Māori people enjoy seeing their language in use as part of everyday life; it helps them to relate to their environment and gives them a feeling of belonging. Using the language as part of your organisation's branding is one way of meeting the needs of Māori speaking clients.
This page catalogues official Māori language names or bi-lines that have been adopted by public and private groups. It is not a definitive list and we ask organisation we may have missed to contact Te Taura Whiri i te Reo Māori so that they can be included.
Orthographic conventions are a set of writing 'rules' that the Māori Language Commission recommends be employed by writers and editors of Māori language texts. The Commission believes it is essential for the survival of the language that a standardised written form be adopted by all those involved in the production of material in Māori. This will ensure a high quality literary base is built up as a resource for learners of the Māori language today and in the future.
He Muka (Māori language newsletter)
He Muka is the quarterly newsletter of the Commission, incorporating the Commission's events, new terminology coined by the Commission and other important issues relating to the Māori language. The main objective is to provide a publication written entirely in Māori language of the highest quality, specifically targeted at fluent speakers.
Ko te Whānau (a bilingual newsletter)
This bilingual newsletter is no longer published but has useful hints for learners of te reo.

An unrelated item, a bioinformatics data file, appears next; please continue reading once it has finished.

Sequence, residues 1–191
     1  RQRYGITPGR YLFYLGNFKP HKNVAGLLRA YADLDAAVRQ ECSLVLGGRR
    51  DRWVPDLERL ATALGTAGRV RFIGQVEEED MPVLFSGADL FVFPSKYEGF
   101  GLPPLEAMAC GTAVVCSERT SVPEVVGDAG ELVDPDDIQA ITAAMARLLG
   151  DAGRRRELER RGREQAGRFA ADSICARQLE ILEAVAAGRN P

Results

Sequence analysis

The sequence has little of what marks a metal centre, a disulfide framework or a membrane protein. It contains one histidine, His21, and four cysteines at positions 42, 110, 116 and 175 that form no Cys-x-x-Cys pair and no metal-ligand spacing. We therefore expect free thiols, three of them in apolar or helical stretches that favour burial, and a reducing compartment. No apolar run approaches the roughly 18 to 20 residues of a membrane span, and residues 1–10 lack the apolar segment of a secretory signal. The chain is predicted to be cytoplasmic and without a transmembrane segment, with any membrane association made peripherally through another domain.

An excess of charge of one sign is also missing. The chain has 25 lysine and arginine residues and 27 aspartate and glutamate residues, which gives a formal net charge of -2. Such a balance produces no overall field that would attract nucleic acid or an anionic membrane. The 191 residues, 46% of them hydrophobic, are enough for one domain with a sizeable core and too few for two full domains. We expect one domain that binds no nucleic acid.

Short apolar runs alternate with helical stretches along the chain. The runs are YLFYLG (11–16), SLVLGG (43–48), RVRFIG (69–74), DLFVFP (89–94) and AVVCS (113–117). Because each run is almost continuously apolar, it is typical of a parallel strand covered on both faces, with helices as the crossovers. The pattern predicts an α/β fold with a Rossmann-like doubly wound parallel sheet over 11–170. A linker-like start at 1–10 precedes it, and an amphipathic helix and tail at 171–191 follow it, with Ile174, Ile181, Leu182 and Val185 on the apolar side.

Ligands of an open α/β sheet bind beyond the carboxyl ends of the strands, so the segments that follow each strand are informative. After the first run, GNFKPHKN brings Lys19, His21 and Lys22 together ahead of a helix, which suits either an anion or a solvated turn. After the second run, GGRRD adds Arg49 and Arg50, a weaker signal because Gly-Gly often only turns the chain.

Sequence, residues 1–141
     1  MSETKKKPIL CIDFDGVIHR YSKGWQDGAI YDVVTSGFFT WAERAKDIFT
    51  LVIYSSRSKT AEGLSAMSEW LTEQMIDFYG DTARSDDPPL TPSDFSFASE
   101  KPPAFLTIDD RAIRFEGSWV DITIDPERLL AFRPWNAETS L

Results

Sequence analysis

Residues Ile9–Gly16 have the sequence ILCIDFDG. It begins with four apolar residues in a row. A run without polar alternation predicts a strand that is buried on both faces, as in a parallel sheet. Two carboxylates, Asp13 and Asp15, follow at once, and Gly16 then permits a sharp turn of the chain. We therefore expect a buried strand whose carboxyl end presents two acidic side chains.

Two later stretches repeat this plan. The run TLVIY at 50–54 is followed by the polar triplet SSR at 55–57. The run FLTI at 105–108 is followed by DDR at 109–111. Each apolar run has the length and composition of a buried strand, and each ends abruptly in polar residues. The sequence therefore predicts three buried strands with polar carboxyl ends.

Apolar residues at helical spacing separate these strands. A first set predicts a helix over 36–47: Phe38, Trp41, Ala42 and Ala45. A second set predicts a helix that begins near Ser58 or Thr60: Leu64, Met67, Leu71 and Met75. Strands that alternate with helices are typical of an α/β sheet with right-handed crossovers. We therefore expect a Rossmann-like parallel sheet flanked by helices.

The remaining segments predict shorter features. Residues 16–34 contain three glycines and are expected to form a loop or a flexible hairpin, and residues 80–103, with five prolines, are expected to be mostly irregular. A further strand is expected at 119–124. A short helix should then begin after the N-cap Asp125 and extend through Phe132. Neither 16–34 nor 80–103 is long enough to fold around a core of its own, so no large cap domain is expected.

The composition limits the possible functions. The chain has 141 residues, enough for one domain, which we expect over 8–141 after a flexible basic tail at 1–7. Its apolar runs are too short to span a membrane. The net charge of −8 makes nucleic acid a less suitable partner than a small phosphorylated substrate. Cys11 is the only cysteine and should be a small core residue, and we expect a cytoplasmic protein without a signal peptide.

Using Māori in the home
Using Māori in the home is a three booklet series which provides useful and practical suggestions to increase and support Māori language use in the home.
[Book 1 - Book 2 - Book 3]
Matariki is a star cluster which heralds the traditional Māori New Year which is celebrated in 2008 on 4 June. We have developed a booklet with suggested activities that individuals, families, marae and school communities may wish to follow.
For more information
The Commission is funded by money appropriated by Parliament. Section 10 of the Māori Language Act 1987 requires that in each year the Commission's annual report be tabled before Parliament. The Commission's annual reporting period begins 1 July each year and ends on 30 June of the following year.
Statement of Intent
Statement of Intent 2009-2010
Lexical expansion is a major part of the Commission's work. These texts have been produced by the Commission and can be purchased from most bookstores:
- Te Matatiki a dictionary of contemporary Maori words.
- Māori for the Office assists organisations to become bilingual.
- He Kohinga Kīwaha a monolingual collection of idiomatic Māori sayings.
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A guide for iwi and hapū to the preparation of long-term Māori language development plans
Where does the Māori language fit into our thinking about the 21st century? Why is the Māori language important? Who will be speaking Māori, where and why? These questions are not just idle speculations. They are real issues, and iwi and hapū can provide the answers.
Promoting Positive attitudes to the Māori language in the classroom
Māori is the indigenous language of our country. It has been spoken here for approximately 1,000 years. It is a modern language, spoken now by over 130,000 people of all ages on a daily basis. The language is most commonly used in Māori homes, at marae, and at Māori language pre-schools and primary schools, although it can be heard and seen in writing in many other settings.
Language Policies and Plans
One of our roles is to support the use of Māori language in public sector organisation in order to contribute to the regeneration of Māori as a living language, and an ordinary means of communication.
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